Letters Home: along the 32nd parallel 35°east

In the summer of 2013, I am in Israel and the Occupied Territories. I am in unfamiliar places, yet they are familiar in a disquieting way. As a Shoah survivor's child, familial stories of migration and refuge are an assemblage of images lived in impossible times. The selected photographs presented here are diptychs and quadriptychs - a conversation between images, each marked at the local time, the moment in the everyday disrupted by photographing. The work includes a short film, a travelogue of sorts, a document of those constructing and re-constructing to affirm, to anchor. I am sure, though, the film is an internal projection of a brief time spent in the territories. The work has been presented as an installation with accompanying prose in the form of a letter to my second cousin, Margot Schoemann, a generation before me, because yesterday is ever-present and place events are too often interchangeable. For generations caught behind barriers, this is the impossible time. A brief discussion can be found in the site menu under "Essays"

Dearest Margot.  I miss you terribly. The city is breaking. Every night, plaster crumbles. I turn down the bed sheets. The White City is falling. Construction cranes work through the night. The trains are expanding. At Lod, 50,000 cannot return.  May 28. Today, I walk the same path as yesterday. I can’t tell how far away I am from where my body travels. She reveals there may be other paths. I am uncertain and walk the ones she tells me to walk. She is bounded.  We talk.  We are angry.  We listen.  She talks.  She is angry.  I hesitate.  I want to create my life, she says.  I am leaving.
Because they tell me who I am, but I am not who they say I am, I can.  She is bounded.  May 30.  We drive to Beit Iksa.  She tells me to put my camera away.    May 31. With Hebron behind us, they talk.  Three days later we return to Beit Iksa.   June 3. In the car, she tells me to put my camera away. We circle around, and out and back, and past all warnings not to enter but we do because we can.  We have papers.  We are bounded.  The village. The land. The sky.  At the checkpoint, she unpacks flowering plants and vegetables.  I hand my passport over. The soldier stares. We stare at each other. I am bounded.  Did you feel betrayed?   Margot.  After they all fled and the killing began. The city no longer remembers.  The sea is close and as blue as the one in the painting, in the book, you left behind.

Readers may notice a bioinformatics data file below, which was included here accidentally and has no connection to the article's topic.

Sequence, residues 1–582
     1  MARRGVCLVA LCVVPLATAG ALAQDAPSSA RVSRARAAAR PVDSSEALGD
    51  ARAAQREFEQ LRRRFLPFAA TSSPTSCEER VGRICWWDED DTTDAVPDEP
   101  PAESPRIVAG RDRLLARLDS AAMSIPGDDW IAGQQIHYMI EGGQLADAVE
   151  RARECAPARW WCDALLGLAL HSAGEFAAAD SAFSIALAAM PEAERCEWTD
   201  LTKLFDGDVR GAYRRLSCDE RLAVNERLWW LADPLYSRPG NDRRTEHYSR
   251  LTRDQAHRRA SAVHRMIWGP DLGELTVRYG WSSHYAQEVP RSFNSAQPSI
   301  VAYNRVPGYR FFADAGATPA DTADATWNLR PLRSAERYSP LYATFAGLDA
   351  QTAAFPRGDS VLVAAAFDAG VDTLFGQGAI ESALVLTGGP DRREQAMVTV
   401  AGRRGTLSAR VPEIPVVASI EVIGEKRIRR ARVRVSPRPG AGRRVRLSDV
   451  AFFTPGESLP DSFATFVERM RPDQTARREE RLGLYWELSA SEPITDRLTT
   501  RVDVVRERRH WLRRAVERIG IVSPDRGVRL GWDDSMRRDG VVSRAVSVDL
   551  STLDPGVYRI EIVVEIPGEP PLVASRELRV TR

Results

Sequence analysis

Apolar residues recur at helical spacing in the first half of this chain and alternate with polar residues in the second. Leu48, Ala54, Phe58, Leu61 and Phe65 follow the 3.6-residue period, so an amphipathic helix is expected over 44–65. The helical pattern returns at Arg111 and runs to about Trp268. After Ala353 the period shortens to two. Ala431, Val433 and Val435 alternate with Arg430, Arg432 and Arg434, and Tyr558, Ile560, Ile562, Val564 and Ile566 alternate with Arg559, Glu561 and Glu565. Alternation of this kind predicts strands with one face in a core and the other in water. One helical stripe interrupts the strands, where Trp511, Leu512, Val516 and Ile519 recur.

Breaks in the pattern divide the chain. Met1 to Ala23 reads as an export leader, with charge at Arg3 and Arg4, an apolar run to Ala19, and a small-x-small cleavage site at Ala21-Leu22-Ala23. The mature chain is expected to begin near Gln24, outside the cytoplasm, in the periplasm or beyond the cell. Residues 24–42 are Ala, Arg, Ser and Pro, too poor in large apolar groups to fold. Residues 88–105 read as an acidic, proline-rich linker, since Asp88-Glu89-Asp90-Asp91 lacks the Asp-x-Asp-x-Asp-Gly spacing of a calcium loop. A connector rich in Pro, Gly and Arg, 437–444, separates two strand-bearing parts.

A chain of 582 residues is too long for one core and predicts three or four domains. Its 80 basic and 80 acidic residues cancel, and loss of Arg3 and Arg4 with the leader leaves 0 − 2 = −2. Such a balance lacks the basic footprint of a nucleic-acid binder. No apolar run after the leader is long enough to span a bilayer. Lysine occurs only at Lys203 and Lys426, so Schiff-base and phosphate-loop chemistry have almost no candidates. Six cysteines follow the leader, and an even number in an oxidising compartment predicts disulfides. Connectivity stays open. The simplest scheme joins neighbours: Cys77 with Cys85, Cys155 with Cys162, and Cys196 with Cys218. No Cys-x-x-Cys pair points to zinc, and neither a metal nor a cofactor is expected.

For Margot Schoemann (Munich, Germany 04.11.1926 - Kaunas, Lithuania 11.25.1941) and all who followed. Performed as a walking reading with images (CAGE Gallery, Miami University, 2014).

Letters Home: along the 32nd parallel 35° east (11:30)

2015, The Conversation and Inside the Green Line and Love in Ramallah, 4th Juried International Exhibition of Islamic Contemporary Art, LuminArté Gallery, Dallas, TX (curated by Salma Tuqan, Curator, Contemporary Art of the Middle East, Victoria and Albert Museum, London, UK), (photographs)
2014, The Children of Nablus and Checkpoint, New Directions ’14, Barrett Art Center, Poughkeepsie, NY, (curated by Lynne Warren, Curator, Museum of Contemporary Art, Chicago), (photographs)